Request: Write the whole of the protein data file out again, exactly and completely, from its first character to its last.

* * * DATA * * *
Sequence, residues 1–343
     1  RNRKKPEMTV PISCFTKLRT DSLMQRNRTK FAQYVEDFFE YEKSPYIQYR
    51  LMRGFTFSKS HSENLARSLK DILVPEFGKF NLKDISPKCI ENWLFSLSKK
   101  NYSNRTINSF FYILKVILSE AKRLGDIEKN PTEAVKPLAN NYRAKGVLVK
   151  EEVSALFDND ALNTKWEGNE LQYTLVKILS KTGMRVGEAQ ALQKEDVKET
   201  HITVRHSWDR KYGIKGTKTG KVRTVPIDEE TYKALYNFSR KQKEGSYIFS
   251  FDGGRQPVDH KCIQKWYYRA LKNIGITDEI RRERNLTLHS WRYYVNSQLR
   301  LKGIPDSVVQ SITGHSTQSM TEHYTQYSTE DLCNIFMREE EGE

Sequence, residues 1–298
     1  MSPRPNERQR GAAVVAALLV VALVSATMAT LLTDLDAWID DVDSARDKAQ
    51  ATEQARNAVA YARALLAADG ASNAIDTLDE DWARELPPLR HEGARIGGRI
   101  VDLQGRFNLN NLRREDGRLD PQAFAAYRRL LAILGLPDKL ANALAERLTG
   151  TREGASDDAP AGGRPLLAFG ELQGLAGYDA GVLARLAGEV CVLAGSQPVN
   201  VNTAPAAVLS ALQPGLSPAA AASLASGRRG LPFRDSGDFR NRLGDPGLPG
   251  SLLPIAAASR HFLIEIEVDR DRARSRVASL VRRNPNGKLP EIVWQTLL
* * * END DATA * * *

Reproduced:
Sequence, residues 1–343
     1  RNRKKPEMTV PISCFTKLRT DSLMQRNRTK FAQYVEDFFE YEKSPYIQYR
    51  LMRGFTFSKS HSENLARSLK DILVPEFGKF NLKDISPKCI ENWLFSLSKK
   101  NYSNRTINSF FYILKVILSE AKRLGDIEKN PTEAVKPLAN NYRAKGVLVK
   151  EEVSALFDND ALNTKWEGNE LQYTLVKILS KTGMRVGEAQ ALQKEDVKET
   201  HITVRHSWDR KYGIKGTKTG KVRTVPIDEE TYKALYNFSR KQKEGSYIFS
   251  FDGGRQPVDH KCIQKWYYRA LKNIGITDEI RRERNLTLHS WRYYVNSQLR
   301  LKGIPDSVVQ SITGHSTQSM TEHYTQYSTE DLCNIFMREE EGE

Sequence, residues 1–298
     1  MSPRPNERQR GAAVVAALLV VALVSATMAT LLTDLDAWID DVDSARDKAQ
    51  ATEQARNAVA YARALLAADG ASNAIDTLDE DWARELPPLR HEGARIGGRI
   101  VDLQGRFNLN NLRREDGRLD PQAFAAYRRL LAILGLPDKL ANALAERLTG
   151  TREGASDDAP AGGRPLLAFG ELQGLAGYDA GVLARLAGEV CVLAGSQPVN
   201  VNTAPAAVLS ALQPGLSPAA AASLASGRRG LPFRDSGDFR NRLGDPGLPG
   251  SLLPIAAASR HFLIEIEVDR DRARSRVASL VRRNPNGKLP EIVWQTLL